There's The Beef But Where's The Cow?

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FILE - In this March 29, 2006, file photo, a wide variety of cuts of meat are displayed at the meat section of Cub Foods grocery store in a Burnsville, Minn. Standards proposed Wednesday, Jan. 21, 2015, by the Agriculture Department aim to reduce rates of salmonella and campylobacter, another pathogen that can cause symptoms similar to salmonella, in chicken parts, ground chicken and ground turkey. (AP Photo/Jayme Halbritter, File)

The Senate Agriculture Committee takes up the 2018 farm bill this week amid some optimism that bipartisan support will allow it to advance where its House counterpart failed . The unwieldy, more than 1,000-page document covers everything from food stamps to farm subsidies to trade and conservation policy, but it does not address a new technology rocking the food industry – cell-cultured meat.

Lab-grown meat

Also called “clean meat,” “synthetic meat,” “lab-grown meat” or “in vitro meat,” cultured meat comes not from slaughtered animals, but from a laboratory using tissue engineering techniques like those used in regenerative medicine. Scientists have been experimenting with replicating living tissue cells in culture since the 1970s, and interest in the technology has increased dramatically over the last decade. Supporters include PETA (People for the Ethical Treatment of Animals), which offered a prize for anyone who could develop an in vitro chicken; and billionaires Bill Gates and Richard Branson, who have both invested in lab-grown meat companies in the hopes that cultured meat will reduce the resource demands of raising animals and produce lower cost food for the world’s growing population.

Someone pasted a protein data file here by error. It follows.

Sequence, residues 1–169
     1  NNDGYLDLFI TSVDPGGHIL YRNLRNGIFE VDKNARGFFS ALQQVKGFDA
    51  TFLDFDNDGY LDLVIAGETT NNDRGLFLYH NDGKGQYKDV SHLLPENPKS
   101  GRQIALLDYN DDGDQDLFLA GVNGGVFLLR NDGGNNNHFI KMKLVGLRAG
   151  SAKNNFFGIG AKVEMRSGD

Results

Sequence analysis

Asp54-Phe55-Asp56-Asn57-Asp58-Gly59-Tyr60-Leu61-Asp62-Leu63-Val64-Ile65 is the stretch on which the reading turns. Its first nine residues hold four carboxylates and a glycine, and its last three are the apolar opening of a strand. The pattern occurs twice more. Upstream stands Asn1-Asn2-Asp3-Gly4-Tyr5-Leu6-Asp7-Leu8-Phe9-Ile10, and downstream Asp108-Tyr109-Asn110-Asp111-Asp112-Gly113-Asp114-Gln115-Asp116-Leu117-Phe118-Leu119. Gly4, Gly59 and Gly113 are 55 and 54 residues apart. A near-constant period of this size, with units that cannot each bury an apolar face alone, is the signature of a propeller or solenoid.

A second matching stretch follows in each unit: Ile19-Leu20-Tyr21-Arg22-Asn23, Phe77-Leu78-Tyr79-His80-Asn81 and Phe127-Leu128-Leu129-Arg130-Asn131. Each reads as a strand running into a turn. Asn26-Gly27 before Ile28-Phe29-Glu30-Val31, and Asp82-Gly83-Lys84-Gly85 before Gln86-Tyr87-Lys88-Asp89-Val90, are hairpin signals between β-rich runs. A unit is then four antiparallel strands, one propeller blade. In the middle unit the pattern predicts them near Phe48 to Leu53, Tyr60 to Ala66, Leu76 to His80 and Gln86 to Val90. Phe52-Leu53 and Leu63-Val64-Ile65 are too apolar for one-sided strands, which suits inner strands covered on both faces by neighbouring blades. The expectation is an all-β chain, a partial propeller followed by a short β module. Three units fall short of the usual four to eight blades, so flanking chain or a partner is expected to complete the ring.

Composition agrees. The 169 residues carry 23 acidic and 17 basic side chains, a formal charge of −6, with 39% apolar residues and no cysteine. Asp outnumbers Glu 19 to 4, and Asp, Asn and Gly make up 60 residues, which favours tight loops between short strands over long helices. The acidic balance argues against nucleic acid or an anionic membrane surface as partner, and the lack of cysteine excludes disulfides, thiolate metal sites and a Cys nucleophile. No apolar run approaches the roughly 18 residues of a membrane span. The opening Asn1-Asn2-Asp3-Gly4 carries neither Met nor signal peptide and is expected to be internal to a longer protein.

Environmental and public health advantages?

Proponents say cultured meat offers several environmental advantages over traditional meat production. It could reduce the land acreage dedicated to grazing animals and growing their feed. It could also reduce emissions of methane, a potent greenhouse gas. According to the UN Food and Agriculture Organization, the livestock sector contributes 14.5 percent of human-related greenhouse gas emissions worldwide. Finally, improperly managed runoff from animal manure can damage water quality. Lab-grown meat poses none of these environmental challenges, and is arguably more humane. (Starter cells can be collected harmlessly from living animals.)

It may also have public health benefits. Since many foodborne pathogens (like salmonella and E. coli) live in animals’ intestines and are spread through their wastes, the process of slaughtering animals and butchering meat can lead to contamination of the food supply. That would not be a concern for lab-grown meats, which don’t have intestines and don’t poop!

Role for regulation

While you can’t buy cultured beef, chicken or seafood in your grocery store today, several companies are working to change that. Before they can succeed in commercializing their products, however, regulators have to make some important decisions, and that’s where Congress and the farm bill come in.